Hello Esme, If the wake ups happen at least 5-6 hours since his last potty trip, he probably really needs to go potty once awake. When you take him potty, take him on a leash, keep the trip super boring (no play or treats or affection), give him about five minutes to do his business outside, then bring him back inside and put him into the crate. If he barks before 5-6 hours (like the one hour time after bed, or when you put him back into the crate after taking him potty), then use a Pet Convincer to correct him - A Pet Convincer is a small canister of pressurized unscented air. First, teach him what "Quiet" means by following the "Quiet" method from the article that I have linked below, practice during the day. https://wagwalking.com/training/train-a-shih-tzu-puppy-to-not-bark When you put him back into the crate after taking him potty, or he wakes up and barks before he needs a potty break, tell him "Quiet". If he does not get quiet, spray a small puff of air from the Pet Convincer at his side through the crate holes (Do NOT spray him in the face). The puff of air will not hurt but it should surprise him enough to stop his barking. After you spray him, leave. Repeat this every time that he barks. Also, practice crating him during the day for at least an hour. Tell him "Quiet" if he barks. If he gets quiet and stays quiet for at least three minutes, go over to his crate and sprinkle a couple small treats inside, then leave again. Every 5-10 minutes that he stays quiet in a row sprinkle treats into his crate calmly without letting him out. Whenever he barks, correct him with a puff of air at his side, then leave again. Only use treats during the day because you do not want him to wake up to eat during the night or have to go potty from eating. The rewards during the day for being quiet will help him learn what to do instead of bark - be quiet. Best of luck training, Caitlin Crittenden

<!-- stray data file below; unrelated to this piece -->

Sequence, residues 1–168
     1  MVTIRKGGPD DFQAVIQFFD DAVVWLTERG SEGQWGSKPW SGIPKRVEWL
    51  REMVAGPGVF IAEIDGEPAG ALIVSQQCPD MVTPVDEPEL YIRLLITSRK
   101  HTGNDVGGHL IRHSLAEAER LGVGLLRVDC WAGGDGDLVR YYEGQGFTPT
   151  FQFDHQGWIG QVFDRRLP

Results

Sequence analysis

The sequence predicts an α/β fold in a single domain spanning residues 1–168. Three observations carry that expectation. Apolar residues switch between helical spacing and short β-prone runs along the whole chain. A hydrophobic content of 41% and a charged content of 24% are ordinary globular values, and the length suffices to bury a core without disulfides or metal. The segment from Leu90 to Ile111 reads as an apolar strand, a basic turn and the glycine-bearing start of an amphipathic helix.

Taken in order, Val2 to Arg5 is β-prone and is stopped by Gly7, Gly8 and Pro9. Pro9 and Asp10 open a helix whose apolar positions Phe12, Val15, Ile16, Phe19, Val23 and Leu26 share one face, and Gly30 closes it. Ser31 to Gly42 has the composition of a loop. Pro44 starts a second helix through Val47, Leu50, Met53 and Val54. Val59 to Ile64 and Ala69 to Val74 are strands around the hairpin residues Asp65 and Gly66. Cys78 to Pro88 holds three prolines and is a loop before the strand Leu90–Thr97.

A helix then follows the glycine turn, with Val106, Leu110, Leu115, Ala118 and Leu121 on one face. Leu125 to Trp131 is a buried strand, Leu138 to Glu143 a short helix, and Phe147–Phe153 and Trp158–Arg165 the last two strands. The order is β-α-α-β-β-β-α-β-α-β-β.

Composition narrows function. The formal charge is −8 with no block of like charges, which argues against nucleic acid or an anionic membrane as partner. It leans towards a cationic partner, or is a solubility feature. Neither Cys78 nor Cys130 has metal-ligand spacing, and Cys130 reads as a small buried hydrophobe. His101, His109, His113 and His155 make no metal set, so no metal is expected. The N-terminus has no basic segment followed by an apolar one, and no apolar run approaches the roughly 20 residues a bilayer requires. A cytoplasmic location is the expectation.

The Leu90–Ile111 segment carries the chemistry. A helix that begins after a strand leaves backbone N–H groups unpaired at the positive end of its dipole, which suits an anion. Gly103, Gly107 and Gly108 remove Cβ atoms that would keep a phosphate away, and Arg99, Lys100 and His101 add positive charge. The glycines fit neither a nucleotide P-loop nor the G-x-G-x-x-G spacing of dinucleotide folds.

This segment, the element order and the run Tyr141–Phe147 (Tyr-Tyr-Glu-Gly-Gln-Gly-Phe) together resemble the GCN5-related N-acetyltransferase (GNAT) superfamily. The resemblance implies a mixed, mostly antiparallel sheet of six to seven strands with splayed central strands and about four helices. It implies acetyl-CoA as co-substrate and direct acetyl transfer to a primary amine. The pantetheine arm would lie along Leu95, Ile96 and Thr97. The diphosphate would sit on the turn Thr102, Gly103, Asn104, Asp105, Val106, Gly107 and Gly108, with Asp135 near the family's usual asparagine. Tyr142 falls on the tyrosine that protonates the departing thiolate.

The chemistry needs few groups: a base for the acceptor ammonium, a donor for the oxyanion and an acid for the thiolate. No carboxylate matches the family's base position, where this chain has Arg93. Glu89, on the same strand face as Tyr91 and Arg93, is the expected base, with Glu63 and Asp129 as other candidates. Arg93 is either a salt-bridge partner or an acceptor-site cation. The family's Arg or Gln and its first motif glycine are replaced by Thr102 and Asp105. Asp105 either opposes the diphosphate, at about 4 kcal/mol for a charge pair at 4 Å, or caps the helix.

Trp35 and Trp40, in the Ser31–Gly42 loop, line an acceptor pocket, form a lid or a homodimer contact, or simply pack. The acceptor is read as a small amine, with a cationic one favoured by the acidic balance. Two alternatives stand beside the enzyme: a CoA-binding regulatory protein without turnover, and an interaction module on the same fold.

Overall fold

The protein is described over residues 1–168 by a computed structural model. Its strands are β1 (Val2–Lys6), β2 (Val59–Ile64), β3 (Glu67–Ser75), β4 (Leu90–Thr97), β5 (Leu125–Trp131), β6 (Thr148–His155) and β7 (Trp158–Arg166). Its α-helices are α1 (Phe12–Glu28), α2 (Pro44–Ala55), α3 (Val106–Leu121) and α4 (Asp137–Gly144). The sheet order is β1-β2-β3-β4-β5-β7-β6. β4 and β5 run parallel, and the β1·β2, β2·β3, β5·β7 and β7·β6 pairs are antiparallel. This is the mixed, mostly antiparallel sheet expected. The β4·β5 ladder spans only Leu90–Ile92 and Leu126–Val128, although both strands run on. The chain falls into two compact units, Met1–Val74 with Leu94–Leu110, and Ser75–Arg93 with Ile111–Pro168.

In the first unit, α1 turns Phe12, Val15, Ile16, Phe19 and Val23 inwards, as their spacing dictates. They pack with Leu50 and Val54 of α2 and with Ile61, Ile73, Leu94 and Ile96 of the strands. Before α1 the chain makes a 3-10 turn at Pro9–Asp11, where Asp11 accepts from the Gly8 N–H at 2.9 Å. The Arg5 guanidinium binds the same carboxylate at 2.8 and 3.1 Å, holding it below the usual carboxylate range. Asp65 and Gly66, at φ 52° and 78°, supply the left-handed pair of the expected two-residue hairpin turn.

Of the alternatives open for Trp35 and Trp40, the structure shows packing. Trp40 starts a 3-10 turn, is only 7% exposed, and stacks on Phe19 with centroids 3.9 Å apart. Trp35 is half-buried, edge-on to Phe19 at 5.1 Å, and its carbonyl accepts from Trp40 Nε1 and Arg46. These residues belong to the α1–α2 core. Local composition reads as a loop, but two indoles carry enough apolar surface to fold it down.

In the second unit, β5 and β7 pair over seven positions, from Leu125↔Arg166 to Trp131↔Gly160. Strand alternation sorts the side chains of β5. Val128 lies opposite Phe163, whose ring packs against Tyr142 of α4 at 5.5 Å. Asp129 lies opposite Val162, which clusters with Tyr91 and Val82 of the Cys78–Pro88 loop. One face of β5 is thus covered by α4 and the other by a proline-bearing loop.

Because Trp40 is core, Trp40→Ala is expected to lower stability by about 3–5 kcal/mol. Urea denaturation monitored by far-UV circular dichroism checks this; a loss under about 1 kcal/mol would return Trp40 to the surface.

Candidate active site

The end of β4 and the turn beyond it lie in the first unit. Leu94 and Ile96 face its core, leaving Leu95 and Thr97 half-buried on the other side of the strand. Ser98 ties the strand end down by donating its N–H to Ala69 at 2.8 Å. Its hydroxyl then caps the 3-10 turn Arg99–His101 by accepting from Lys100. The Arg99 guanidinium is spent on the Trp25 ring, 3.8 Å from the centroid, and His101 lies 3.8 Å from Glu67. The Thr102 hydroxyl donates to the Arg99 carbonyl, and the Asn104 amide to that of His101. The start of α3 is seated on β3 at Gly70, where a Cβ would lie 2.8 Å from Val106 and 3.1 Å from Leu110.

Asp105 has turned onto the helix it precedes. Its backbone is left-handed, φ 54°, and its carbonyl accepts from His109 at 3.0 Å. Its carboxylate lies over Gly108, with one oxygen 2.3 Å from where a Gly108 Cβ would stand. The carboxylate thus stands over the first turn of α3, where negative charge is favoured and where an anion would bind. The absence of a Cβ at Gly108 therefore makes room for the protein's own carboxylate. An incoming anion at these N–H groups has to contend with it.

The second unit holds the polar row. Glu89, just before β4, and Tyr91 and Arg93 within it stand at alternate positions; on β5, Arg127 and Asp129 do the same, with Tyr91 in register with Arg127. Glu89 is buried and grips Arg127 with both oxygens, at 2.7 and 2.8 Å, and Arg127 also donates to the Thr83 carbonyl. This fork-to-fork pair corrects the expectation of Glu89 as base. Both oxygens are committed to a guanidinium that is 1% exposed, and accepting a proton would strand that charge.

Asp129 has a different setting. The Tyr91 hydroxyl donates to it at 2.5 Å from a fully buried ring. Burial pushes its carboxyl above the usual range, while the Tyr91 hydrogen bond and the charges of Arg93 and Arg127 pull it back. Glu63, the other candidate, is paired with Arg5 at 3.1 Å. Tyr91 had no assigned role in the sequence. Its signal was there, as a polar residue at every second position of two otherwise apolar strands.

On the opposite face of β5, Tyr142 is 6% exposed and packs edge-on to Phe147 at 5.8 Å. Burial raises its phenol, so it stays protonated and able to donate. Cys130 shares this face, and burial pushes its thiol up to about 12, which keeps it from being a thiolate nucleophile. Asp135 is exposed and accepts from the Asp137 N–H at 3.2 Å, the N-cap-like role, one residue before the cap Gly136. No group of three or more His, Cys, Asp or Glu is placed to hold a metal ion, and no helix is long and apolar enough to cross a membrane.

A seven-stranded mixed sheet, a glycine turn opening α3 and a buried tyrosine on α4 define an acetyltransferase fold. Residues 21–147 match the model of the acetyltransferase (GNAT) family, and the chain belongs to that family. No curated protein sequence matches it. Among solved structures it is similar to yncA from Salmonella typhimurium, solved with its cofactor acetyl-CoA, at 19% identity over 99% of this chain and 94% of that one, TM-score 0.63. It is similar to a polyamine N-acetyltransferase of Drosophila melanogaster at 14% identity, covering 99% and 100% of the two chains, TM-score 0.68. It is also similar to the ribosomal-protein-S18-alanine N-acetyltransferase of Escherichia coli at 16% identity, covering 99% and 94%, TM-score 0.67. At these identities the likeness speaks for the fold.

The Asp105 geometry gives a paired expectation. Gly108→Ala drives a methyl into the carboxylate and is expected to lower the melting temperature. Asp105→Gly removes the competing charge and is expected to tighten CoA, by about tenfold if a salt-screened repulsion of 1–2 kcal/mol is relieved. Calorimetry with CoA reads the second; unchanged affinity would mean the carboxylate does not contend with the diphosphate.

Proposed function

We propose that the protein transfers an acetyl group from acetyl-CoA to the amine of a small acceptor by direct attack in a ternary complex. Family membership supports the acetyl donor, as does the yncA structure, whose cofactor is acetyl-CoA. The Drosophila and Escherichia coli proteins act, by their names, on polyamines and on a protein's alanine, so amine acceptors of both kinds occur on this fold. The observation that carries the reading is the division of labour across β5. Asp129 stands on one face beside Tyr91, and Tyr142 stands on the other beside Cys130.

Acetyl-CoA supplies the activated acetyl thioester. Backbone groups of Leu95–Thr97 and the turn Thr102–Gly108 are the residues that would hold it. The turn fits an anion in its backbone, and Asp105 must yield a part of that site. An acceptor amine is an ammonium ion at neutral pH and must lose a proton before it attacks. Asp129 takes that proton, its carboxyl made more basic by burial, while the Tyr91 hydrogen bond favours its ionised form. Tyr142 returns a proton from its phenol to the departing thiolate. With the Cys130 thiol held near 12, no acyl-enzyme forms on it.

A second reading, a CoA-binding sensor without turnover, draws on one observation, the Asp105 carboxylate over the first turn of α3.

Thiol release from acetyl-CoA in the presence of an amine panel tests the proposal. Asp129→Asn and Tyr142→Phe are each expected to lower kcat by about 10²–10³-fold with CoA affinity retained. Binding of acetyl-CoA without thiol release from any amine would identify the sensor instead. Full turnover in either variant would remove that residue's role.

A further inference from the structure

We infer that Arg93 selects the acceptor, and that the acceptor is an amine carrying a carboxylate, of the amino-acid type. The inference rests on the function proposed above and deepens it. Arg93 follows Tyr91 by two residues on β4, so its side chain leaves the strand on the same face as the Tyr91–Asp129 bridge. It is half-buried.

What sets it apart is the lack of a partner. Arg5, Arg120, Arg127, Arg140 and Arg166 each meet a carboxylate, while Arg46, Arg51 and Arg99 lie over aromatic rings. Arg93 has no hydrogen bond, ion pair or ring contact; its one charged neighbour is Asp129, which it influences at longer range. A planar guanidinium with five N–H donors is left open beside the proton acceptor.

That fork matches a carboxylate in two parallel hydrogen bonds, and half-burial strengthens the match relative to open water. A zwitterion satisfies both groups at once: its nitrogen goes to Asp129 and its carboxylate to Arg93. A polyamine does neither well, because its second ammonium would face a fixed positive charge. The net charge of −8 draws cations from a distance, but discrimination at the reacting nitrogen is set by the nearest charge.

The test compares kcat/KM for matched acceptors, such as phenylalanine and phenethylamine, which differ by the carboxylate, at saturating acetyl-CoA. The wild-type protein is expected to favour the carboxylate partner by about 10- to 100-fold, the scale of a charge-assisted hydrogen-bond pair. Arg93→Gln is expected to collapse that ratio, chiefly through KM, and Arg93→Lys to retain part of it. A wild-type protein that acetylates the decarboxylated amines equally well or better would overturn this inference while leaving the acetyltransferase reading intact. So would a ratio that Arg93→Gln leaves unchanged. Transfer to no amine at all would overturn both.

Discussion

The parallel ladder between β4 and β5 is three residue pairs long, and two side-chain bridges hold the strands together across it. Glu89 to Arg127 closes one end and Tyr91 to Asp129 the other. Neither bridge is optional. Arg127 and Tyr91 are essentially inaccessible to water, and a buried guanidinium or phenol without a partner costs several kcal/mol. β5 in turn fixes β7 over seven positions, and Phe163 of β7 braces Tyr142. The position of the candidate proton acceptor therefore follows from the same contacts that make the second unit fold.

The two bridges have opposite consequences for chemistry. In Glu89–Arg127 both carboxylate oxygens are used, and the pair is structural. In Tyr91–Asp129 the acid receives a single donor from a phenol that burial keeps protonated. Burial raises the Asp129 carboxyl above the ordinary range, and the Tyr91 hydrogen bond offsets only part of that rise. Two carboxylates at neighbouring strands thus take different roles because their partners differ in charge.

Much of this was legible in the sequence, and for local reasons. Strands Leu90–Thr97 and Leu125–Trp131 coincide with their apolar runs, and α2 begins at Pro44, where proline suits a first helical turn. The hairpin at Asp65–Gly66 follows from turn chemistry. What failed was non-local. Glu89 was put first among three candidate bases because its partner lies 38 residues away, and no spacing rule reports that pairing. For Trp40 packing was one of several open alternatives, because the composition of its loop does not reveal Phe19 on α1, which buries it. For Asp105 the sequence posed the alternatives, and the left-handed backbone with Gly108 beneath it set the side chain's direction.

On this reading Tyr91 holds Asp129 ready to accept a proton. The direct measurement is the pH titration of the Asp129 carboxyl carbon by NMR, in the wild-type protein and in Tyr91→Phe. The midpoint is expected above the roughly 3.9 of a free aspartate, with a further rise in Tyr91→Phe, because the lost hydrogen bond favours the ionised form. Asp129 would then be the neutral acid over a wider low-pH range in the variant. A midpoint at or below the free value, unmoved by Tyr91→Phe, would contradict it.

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Teddy
Cavalier King Charles Spaniel
5 Months